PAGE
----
Half a Century Mini Victory
While the David vs. Goliath comparison has become a cliché, today marks the fiftieth anniversary of a true battle against the odds, when BMC’s Mini Cooper S overcame much larger and more powerful competition and claimed victory on the Monte Carlo Rally.
On the 24th January, 1964, Patrick (‘Paddy’) Hopkirk and his co-driver, Henry Liddon, proved that outright power was not the precursor to rallying success. Now aged 80, Hopkirk retains the jocular modesty, for which is he famed in journalism circles, and commented that the Mini’s front-wheel-drive, diminutive size and narrow track were the main reasons for its legendary victory, along with a healthy dollop of luck. The Mini was not finished though and notched up another two Monte victories, in 1965 and 1967 respectively.
Yet, fifty years on, both the Monte Carlo Rally and the Mini have changed beyond all recognition. The Mini, or as its German owners call it, MINI, in all guises, has transformed into several safer and much larger vehicles, with Cooper S badges identifying one of the most powerful derivatives. While BMW has been criticised by some onlookers, for developing the brand continually, considering that BMC/BL/Rover hardly changed the basic car in forty years, one cannot argue that investing in MINI continually is the right thing to do, considering its global sales appeal.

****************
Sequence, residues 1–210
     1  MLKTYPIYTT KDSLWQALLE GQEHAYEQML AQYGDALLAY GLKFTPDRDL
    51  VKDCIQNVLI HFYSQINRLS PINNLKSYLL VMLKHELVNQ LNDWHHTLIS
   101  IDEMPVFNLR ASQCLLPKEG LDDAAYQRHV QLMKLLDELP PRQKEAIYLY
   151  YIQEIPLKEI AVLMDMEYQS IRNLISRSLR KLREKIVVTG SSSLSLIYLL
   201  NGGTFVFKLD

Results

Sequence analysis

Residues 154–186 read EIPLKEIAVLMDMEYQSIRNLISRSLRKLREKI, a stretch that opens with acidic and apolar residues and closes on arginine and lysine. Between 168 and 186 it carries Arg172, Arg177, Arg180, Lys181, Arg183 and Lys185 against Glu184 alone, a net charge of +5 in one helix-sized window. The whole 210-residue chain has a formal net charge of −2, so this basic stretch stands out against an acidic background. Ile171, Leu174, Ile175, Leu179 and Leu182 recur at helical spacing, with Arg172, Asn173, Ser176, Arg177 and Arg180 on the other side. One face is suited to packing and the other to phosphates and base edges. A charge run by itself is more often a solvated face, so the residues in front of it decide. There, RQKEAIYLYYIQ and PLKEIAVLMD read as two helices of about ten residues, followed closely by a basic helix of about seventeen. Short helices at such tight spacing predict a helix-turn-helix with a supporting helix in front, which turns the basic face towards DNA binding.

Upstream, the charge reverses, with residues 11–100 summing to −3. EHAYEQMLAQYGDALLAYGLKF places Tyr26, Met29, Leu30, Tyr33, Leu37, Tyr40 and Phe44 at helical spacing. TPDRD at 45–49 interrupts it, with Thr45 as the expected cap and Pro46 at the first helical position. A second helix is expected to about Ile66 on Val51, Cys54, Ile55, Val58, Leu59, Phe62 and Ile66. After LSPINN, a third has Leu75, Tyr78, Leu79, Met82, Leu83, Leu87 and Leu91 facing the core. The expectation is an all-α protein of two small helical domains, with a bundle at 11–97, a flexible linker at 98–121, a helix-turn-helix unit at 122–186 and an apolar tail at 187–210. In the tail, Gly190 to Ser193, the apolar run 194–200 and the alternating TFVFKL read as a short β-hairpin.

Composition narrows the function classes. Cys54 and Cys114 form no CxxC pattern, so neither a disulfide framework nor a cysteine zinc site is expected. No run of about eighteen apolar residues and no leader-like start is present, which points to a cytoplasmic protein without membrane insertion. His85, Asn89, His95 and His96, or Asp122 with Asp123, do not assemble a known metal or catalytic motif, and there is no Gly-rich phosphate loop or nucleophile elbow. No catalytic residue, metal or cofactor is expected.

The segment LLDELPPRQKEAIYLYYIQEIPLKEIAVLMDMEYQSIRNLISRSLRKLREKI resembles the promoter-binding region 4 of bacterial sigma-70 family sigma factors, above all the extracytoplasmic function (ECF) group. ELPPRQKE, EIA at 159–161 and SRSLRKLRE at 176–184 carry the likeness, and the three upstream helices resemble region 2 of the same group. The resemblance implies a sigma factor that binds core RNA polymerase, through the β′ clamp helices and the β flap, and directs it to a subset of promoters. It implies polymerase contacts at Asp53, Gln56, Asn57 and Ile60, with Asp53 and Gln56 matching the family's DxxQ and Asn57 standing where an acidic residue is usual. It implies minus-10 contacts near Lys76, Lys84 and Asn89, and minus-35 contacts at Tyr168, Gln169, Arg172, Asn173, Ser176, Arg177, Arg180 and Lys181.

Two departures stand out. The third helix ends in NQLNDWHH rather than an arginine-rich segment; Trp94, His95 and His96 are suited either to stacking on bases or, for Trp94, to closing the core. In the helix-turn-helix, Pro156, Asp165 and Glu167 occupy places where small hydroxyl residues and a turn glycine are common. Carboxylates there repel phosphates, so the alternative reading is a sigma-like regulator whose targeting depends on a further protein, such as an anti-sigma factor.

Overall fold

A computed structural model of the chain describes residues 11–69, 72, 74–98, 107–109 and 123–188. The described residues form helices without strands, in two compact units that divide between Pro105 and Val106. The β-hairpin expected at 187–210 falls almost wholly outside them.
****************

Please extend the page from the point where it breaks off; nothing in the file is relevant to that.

Although I am fond of the classic car, I like the current MINI range too, even though it has been spun into a confusing range of models. Yet, I cannot sympathise with BMW’s half-hearted effort, to rekindle the brand’s rallying pedigree, bringing MINI back to the Monte Carlo Rally, by entering the World Rally Championship. After a series of very un-Germanic internal squabbles, most of which stemmed from the manufacturer’s rallying programme being starved of funds, it was abandoned at the end of 2012.
I have also found that the current crop of models, which wear ‘Cooper S’ badges on their rumps, is wanting in terms of both performance and driver engagement. It is not that the cars are bad, far from it, but I am not the only critic, who thinks that they are not doing justice to such powerful, historic and emotive nomenclature. Yet, an all-new MINI hatchback will be on-sale in the spring. Underpinned by an all-new chassis, the Cooper S version will ditch its 1600cc motor for a larger 2.0-litre unit, based on BMW’s renowned 3.0-litre straight six. I hope that, when it does arrive, BMW ensures that the Cooper S is a genuinely exciting range topper that does not leave all the glamour for the more exclusive and expensive JCW (John Cooper Works) version.